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CAREERS 101: How to search a job board

7/18/2014 3:18:15 PM

Every week, I put together posts full of jobs and encourage you, the readers, to go and try your hand at searching for additional jobs yourselves. Some of you may be wondering, "How exactly do I search for the job I want?" A fair question, to be sure. Many of the resources are ones that I found through trial and error during my own job search, and others (like this ASBMB careers site) exist to serve the science-oriented job seeker specifically. This week, I'll give a rundown of some resources and some strategies for finding the cream of the job-posting crop.

Define your search

It helps, in the course of a job search, to have an idea of what kind of job you'd like to find. This sounds easier than the reality, because different companies have different titles or ways of posting jobs. I think a solid strategy is to isolate some keywords to use in your search, typically ones that reflect your skill set.

For example, last week I did a post on molecular biology, so I searched for "molecular biology." When I did a post on science communication, I used the phrase "science AND communication" to capture job descriptions that combined the two. When using any search engine, putting quotations around a phrase will ensure you get that specific phrase, and using "AND" in caps will ensure that your results have both keywords, not just one or the other. Once you identify your keywords to represent your skill set, you're ready to head to the job boards.

General job boards

There are almost as many job boards as there are jobs! How do you know which ones to use? There's not really a right or wrong answer, but there's a few that I have found to have a decent smattering of science jobs despite not being explicitly science-focused. These boards are good for all education levels, from B.S. (even internships) to Ph.D. I'll use the search term "microbiology" to demonstrate some of the boards I use.

First up: Indeed.com. You can geographically restrict your search, and make sure to use the keywords you developed!

Once you get the results of your search, you have the option to do some filtering (job title, company, salary, etc.), or you can simply comb through the listings, clicking on whatever piques your interest.

Perhaps you have a B.S. in microbiology and are looking to get into a nonacademic environment. In my search, the third post, for a microbiologist from Element Materials Technology (Fort Wayne, Ind.), seems pretty relevant. If you have experience with EPA-testing methods for drinking and waste water and the ability to read, analyze and interpret scientific and professional journals, you may want to save and apply for this job.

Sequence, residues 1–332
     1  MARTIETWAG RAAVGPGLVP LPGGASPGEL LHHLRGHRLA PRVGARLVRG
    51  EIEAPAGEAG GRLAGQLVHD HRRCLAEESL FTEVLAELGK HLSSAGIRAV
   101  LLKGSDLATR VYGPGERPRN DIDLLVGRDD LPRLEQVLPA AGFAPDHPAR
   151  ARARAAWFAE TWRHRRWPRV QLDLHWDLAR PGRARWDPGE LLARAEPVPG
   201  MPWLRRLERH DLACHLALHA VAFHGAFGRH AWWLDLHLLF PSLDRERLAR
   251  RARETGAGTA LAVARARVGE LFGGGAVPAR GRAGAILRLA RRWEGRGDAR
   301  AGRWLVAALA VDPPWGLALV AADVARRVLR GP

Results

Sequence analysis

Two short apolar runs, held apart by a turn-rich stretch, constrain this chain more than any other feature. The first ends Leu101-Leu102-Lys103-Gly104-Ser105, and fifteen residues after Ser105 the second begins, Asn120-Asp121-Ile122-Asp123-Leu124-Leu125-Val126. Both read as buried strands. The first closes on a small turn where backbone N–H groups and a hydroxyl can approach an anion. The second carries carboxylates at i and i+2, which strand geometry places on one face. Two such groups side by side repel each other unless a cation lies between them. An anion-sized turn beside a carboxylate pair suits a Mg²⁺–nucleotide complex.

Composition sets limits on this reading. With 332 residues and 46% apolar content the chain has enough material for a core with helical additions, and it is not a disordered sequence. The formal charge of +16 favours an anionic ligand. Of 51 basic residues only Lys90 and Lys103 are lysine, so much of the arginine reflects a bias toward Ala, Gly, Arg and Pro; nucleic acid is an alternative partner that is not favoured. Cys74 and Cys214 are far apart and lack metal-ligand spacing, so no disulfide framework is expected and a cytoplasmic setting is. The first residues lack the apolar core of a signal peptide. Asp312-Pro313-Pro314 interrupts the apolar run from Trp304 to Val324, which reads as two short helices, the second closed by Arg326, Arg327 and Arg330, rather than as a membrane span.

Simply Hired is another board that I like to use. It is similar to Indeed.com, although the two almost never have the same jobs.

In my search for "microbiology," I retrieved a lot of clinical laboratory sciences techniques, so I searched for "microbiology AND research," which turned up many more relevant results. For example, this director position at Bacterioscan (St. Louis, Mo.) is for an experienced (10-plus years) microbiologist who will provide leadership for the company's scientific, regulatory and business functions.

CareerBuilder can be helpful during a job search. This job board has a more sophisticated filtering function and has the added bonus of being able to post and save resumes. This job for a microbiology quality-control technician with Kelly Scientific Resources (Research Triangle Park, N.C.) came up when searching for "microbiology" and then filtering for "research."

LinkedIn also provides job postings, and you sometimes can apply directly from the post! The recruiters using LinkedIn are generally more responsive to these submissions, so I recommend checking out this feature if you have a LinkedIn account. (And, if you don't have one, what are you waiting for?)

Science-specific job boards

Other than our own careers site, there are many sites for academic or scientific jobs. The Chronicle of Higher Education has a job board called Vitae. Here, you'll find postings like this tenure-track assistant professor of biology job at Fort Lewis College (Durango, Colo.).

For nonacademic science jobs, consider registering for free at Genomeweb.com. It sends out regular e-newsletters with job listings and has a careers section on its site.

The Association of Science and Technology Centers curates the ATSC job bank, which is not searchable but has a ton of great resources. You can filter by categories, such as development, education and management. This organization's membership is made up mostly of museums, science centers and other informal science-education institutions, so the job bank has a lot of gigs at those kinds of places.

Women in Biology posts a great collection of jobs and has an awesome advanced search function. This job for a senior scientist or associate scientist with GlaxoSmithKline (King of Prussia, Pa.) is for someone with a B.S. or M.S. in chemical engineering, biochemistry, microbiology, cell biology or a related field.

I hope these resources help you in your own job search! Want more tips and tricks? Feel free to contact me with questions or leave a comment on this post. What are your favorite job boards to search?

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